4 Benefits of SSD vs. HDD: What's the Difference?

<span id="hs_cos_wrapper_name" class="hs_cos_wrapper hs_cos_wrapper_meta_field hs_cos_wrapper_type_text" style="" data-hs-cos-general-type="meta_field" data-hs-cos-type="text" >4 Benefits of SSD vs. HDD: What's the Difference?</span>

Jul 28

Jul 28

Components

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Solid state drives (SSDs) have been around for decades, with the first SSDs being confined to military and research use.  Hard disk drive (HDD) technology sprung up during this time, dominating the flourishing computer market, and going from being nearly unheard of technology at the beginning of the 1980s to being a need-to-have storage component be the end of the decade.

Fast forward to today. Solid-state storage technology has continued to evolve and develop from its experimental beginnings. While HDDs still hold an important place in the world of data storage, SSD drives have characteristics that make them better for some enterprise pursuits.

The following four benefits of SSD demonstrate the places where it will most effectively meet a customer’s needs, and why.

SSDs are More Durable and Smaller—Excellent For Mobile Use

In a world where so much business is conducted remotely, laptops are a common fixture of business enterprises. Being carried back and forth from home to office, laptops are often at risk for being dropped, and are subjected to numerous other forms of daily abuse. This makes it easy to see the downside of using an HDD in a laptop. HDDs consist of spinning platters with a read head, and these mechanical parts can be damaged in transport. This can create an unsafe environment for your stored data.  Because SSDs have no moving parts, they are quite shock resistant. They can survive better during your daily commute and travel, withstanding up to 1500g during operation.

Plus, an average solid state drive is a sleek 1.8” format opposed to the 3.5” typical mechanical drive which allows for slimmer and lighter portable laptops in the market. In the enterprise market, with rack space at a premium, the smaller SSD drives are becoming more essential and practical for business owners.

SSDs’ Speeds are Great for High Performance Needs

SSDs contain solid state flash memory using integrated circuits (ICs) rather than magnetic media to access your stored files.  Unhindered by the mechanical elements of HDDs, which cause friction and slower drive speeds, SSD drives can hit markedly higher speeds than HDDs. This is very useful for enterprise needs such as:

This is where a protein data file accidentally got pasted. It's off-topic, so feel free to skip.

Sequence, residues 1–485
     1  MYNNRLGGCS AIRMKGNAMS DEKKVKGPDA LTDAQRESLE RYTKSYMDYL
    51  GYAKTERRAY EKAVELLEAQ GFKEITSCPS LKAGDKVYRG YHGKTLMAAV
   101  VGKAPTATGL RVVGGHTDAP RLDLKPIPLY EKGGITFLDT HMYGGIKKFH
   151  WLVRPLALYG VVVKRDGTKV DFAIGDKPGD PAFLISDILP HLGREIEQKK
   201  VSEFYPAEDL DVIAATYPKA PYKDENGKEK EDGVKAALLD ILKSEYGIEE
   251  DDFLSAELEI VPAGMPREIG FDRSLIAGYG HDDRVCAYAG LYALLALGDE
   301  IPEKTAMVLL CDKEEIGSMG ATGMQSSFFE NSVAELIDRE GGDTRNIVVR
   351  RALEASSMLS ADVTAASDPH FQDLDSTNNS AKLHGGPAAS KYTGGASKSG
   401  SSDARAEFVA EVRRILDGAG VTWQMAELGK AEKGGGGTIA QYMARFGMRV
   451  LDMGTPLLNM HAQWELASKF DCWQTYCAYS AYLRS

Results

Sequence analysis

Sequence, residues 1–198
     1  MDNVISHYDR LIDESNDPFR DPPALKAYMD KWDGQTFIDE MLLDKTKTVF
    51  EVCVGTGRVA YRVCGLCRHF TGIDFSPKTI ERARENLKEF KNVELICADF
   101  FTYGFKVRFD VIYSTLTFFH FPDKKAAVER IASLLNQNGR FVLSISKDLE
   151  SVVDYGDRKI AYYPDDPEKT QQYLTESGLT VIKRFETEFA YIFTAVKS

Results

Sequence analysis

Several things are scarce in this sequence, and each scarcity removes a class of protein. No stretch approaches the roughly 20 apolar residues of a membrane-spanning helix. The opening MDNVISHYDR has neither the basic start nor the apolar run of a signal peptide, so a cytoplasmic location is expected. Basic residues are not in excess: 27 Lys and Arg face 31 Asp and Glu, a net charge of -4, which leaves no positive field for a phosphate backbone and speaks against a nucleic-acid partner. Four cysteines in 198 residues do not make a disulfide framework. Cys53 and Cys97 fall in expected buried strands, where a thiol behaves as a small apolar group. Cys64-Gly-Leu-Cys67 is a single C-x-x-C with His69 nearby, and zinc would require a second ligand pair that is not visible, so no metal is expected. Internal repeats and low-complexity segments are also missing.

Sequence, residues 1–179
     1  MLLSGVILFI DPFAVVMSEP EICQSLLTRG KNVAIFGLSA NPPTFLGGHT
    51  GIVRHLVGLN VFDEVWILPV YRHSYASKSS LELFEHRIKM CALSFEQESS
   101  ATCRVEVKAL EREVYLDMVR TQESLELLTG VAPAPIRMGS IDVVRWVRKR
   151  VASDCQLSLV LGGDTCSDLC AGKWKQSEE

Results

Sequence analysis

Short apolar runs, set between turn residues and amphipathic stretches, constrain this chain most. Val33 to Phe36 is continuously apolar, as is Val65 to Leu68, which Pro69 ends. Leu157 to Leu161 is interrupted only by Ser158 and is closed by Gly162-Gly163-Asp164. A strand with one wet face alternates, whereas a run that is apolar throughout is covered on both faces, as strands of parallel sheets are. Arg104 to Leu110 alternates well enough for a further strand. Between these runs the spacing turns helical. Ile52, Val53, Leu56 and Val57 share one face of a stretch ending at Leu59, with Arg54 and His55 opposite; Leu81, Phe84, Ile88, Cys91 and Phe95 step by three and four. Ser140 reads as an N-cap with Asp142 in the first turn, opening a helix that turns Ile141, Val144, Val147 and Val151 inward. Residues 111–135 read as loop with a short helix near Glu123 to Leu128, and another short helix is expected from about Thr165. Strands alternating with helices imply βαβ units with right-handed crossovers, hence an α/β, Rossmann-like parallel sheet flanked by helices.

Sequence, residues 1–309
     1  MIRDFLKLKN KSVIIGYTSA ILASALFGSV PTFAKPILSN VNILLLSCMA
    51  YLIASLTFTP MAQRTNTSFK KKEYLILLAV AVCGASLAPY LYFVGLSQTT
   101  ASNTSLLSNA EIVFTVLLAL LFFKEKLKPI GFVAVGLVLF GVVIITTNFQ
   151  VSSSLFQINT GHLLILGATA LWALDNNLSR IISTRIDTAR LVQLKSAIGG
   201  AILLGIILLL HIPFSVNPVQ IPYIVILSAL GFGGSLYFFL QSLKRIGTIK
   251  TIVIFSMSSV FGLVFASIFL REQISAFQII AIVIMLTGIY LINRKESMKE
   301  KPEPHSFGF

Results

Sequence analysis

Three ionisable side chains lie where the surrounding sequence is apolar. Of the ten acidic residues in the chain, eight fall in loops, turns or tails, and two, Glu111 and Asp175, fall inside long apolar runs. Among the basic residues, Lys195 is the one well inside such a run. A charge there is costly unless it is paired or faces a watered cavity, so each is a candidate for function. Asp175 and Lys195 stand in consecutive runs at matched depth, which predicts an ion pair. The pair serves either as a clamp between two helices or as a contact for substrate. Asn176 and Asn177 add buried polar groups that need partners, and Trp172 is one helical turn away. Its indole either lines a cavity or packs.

• Graphics rendering: In enterprises that use computers for graphic manipulation and video processing, speed is a must. High-end graphic and video programs are memory hungry and frequently read from the hard drive, making higher speed SSD drives a smart choice.

  • Bioinformatics: Cutting-edge scientific pursuits require the analysis of a massive amount of data. The almost unfathomable number of data points that constitute a genome, and the processes scientists use to manipulate that data to better understand how human life works on the most basic level, demand hyper-fast hard drive speeds. SSDs are a good choice for such an enterprise.  

  • The stock market: Another space where lightning-fast data processing is key is the stock market. Systems that underpin the trading world and run the algorithms that keep the market moving need to be fast, and SSDs can give them the speed they need.

SSDs Serve Up Video-on-Demand

Another benefit of the uptick in hard drive speed SSDs offer is that it can better facilitate streaming video. A huge chunk of internet commerce, news, and entertainment outlets now include streaming video, and it requires high performance drives to allow enterprises to serve this information without crashes and lag. Because of their high speeds, SSDs offer a great option to facilitate such high-traffic, resource-gobbling processes.

SSDs are Quieter than HDDs

If you have ever walked into an office that is conspicuously free from the sound of whirring and revving drives, that is due to the advent of solid state technology.  Because SSDs do not contain spinning plates and write/read heads, they are much quieter and run cooler than an HDD.

For more information on SSD solutions, contact your Ingram Micro sales associate at 1(800) 456-8000.

Topics: Beginners/Introduction

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